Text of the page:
March 23, 2006

Re-Examining the Dubai Port (non)Deal

Marc Comtois

Now that the hyperbolic rhetoric surrounding the Dubai Port deal has reduced a bit, it's time to look at the consequences of this little exercise in political gamesmanship. In a recent issue of Newsweek, Robert Samuelson recently explained the nature and effect of the politicization of the port deal:

The idea of letting an Arab-owned company, Dubai Ports World, run container terminals at five U.S. ports struck many Americans as an absurdity. Why not just turn control directly over to Al Qaeda?. . . The company's withdrawal last week can be seen as a triumph of public opinion. Or it can be acknowledged for what it is: a major defeat for the United States, driven by self-indulgent politicians of both parties who enthusiastically fanned public fears.

Leadership in a democratic society requires a willingness and ability to challenge and change public opinion when it is based on misinformation, no information, prejudice or stupidity—as it was in this case. There never was a genuine security problem. The Dubai company wouldn't have "taken over" the U.S. ports. It simply would have run some terminals. Cargo would still have been handled by American, unionized longshoremen. The Coast Guard and the U.S. Customs and Border Protection agency would still have been responsible for port security. . .

As political theater, the posturing might be harmless. But all the grandstanding—precisely because the criticisms were overblown—damages American interests. It's a public-relations disaster in the Middle East. The United Arab Emirates—of which Dubai is a part—has been a strong American ally, permitting the use of its ports and airfields for U.S. ships and military aircraft. . .If this isn't what we want from Arab countries, what do we want? Much bitterness is reported in Dubai, especially among those who are pro-Western. They blame racism. That's understandable and perhaps correct. . .

Every country has the right to protect its security interests. But those interests must be defined coherently and not simply as the random expression of political expediency.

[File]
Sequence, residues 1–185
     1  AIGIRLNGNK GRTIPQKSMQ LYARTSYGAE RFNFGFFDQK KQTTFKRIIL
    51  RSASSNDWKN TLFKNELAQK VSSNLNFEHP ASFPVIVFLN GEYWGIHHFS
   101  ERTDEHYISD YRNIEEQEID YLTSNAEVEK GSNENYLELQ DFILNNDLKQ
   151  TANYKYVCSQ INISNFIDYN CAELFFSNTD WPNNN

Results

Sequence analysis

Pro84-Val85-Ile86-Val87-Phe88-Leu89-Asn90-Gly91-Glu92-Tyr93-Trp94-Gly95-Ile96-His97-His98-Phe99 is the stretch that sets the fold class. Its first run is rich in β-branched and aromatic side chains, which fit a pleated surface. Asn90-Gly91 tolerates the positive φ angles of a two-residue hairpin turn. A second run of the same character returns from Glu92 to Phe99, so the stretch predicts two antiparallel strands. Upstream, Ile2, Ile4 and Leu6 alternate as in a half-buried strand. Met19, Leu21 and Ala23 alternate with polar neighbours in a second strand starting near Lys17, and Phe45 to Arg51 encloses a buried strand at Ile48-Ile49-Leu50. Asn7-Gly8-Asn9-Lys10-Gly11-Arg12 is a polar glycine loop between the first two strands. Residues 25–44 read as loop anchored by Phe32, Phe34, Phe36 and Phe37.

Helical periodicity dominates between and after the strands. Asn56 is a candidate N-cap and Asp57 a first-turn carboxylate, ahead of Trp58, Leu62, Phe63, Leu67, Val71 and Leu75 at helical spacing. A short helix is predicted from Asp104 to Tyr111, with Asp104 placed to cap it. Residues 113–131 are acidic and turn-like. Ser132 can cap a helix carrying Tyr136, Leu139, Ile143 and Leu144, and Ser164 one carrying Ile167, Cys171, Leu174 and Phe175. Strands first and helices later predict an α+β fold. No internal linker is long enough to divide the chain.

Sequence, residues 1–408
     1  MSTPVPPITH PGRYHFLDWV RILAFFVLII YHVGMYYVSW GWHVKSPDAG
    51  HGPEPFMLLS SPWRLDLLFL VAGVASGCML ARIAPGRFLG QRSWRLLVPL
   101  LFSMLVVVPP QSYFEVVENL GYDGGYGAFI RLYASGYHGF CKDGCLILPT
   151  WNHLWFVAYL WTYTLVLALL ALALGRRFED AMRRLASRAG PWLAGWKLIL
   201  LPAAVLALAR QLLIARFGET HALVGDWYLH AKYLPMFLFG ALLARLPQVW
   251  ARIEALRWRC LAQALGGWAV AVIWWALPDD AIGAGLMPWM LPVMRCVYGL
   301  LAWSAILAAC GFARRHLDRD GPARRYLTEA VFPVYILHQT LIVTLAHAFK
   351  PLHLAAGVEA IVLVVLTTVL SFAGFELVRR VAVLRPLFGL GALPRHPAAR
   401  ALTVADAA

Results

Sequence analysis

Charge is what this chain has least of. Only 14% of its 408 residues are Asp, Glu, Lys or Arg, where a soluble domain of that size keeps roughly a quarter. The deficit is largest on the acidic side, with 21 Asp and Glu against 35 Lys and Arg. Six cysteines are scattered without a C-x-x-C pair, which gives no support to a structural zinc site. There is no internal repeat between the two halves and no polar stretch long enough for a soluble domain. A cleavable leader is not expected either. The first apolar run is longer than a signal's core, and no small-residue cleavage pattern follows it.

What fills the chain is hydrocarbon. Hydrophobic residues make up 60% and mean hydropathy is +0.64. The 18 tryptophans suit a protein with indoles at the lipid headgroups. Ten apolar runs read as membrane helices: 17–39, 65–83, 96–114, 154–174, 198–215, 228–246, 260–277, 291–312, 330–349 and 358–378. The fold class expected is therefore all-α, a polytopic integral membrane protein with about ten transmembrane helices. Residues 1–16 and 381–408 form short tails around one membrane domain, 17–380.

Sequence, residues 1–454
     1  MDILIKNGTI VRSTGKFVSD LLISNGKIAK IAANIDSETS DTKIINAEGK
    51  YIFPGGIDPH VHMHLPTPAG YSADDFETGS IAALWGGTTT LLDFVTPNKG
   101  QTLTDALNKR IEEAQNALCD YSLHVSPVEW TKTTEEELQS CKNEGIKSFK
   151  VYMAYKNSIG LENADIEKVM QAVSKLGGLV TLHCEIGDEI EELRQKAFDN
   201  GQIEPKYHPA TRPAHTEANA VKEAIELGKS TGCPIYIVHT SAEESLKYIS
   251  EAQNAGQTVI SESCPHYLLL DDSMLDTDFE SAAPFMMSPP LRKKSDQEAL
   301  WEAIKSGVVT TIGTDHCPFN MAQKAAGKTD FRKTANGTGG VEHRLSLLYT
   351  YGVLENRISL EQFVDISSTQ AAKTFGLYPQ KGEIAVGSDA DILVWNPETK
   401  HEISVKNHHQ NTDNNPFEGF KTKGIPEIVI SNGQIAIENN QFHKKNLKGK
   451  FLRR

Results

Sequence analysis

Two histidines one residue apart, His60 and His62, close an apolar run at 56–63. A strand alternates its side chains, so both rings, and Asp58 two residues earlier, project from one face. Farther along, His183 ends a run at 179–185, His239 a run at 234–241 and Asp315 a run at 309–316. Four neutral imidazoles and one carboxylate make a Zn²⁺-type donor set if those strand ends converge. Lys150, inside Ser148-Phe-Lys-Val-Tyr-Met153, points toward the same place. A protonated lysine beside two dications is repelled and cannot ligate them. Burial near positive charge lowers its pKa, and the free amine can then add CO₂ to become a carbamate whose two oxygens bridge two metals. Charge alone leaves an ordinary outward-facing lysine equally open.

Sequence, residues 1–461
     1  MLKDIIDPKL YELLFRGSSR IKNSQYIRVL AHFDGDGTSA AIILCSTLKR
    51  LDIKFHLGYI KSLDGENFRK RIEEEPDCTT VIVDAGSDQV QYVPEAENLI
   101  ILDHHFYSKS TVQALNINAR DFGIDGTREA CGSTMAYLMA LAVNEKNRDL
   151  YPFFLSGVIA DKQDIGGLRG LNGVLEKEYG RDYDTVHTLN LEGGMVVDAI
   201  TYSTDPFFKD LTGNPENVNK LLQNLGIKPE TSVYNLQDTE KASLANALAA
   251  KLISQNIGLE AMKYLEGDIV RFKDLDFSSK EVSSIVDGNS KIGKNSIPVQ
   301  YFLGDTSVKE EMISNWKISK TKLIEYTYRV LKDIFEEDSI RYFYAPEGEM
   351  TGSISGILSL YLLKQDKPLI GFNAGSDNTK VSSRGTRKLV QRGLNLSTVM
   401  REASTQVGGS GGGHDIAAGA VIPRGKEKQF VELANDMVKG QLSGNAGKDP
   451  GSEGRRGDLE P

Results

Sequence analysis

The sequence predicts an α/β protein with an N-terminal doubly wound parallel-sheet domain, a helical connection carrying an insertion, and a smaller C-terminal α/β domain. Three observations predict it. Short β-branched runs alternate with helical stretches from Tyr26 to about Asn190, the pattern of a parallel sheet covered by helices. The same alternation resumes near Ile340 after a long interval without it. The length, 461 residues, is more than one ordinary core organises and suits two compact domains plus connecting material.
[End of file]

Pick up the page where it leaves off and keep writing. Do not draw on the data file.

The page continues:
Bernard Kerik echoes Samuelson and believes that the rejection of the deal will hurt U.S. port security in the long run.
"For four years we have been trying to tell the Arabs that we are not anti-Arab, we are anti-fundamentalist," said Bernard Kerik, the former New York Police Department commissioner who oversaw rescue efforts after the Sept. 11 attacks.

Kerik...said Arab countries were as much a target of al Qaeda as was the United States, and should be embraced as allies, not turned into foes.

"I think they (U.S. Congress) hurt our relationships with people that we are trying to get communication and coordination from," Kerik told a maritime security conference in Fort Lauderdale, Florida.

Kerik said Arab nations' sympathy for the United States could well be in doubt.

"We the United States were looking at all the Arab countries we possibly could to be our partners in the war on terrorism, including Dubai. I got no doubt about what they're thinking now. It's pretty insulting," he told Reuters in a later interview.

But it's more than U.S. security that could suffer. Samuelson also notes that there could be a significant negative economic impact:
The ports furor also hurts the United States in another way. It weakens confidence in the dollar as the major global currency. The U.S. trade deficit now spews more than $700 billion into the world annually. To some extent, global economic stability depends on foreigners' keeping most of those dollars. Mass dollar sales could trigger turmoil on the world's currency, stock and bond markets. People outside the United States hold dollars because they believe the currency maintains its value and offers a wide menu of investment choices. The message from Congress is that the menu is shorter than people thought. Once any investment is stigmatized—rightly or wrongly—as a "security problem," Congress may act against foreigners.
Indeed, House Armed Services Committee Chairman Duncan Hunter, a Republican from California, seems to be looking in that direction. Perhaps the ProJos David A. Mittell, Jr. has it right by offering that the port fiasco is really a different sort of McCarthysim:
Hollywood is still looking for McCarthyism, but won't find it where it found it 55 years ago. But we may find McCarthyism in mutated form if we look for distinguishing characteristics: 1) A legitimate fear about a threat to the nation. 2) A degree of public hysteria. 3) Charges by demagogic politicians loosely based on guilt by association. 4) A self-serving rush by the rank and file of both political parties to fall into line with the demagoguery and hysteria.

Each of these was present 55 years ago, and each was present three weeks ago in the frenzy to reverse the purchase of six U.S. port facilities by the United Arab Emirates -- a faithful American ally in the war on terrorism.

"Two of the 9/11 conspirators came from there" was the best the demagogues could say. The answer to that is that two of the Oklahoma City bombing conspirators came from the United States.

I just think that too many sought to make political hay over this whole mess, got caught up in emotionalism and threw logic out the window. We're in a global economy. And our success in both foreign and economic policy is symbiotic. It is true that we do need to use the Big Stick every now and then, but we can also benefit from the use of a bunch of carrots now and again, too. Maybe cooler heads will prevail next time. (If your interested in more frequent coverage on these sorts of issues, I'd recommend the Port Security, Maritime Security, and Homeland Security Blog).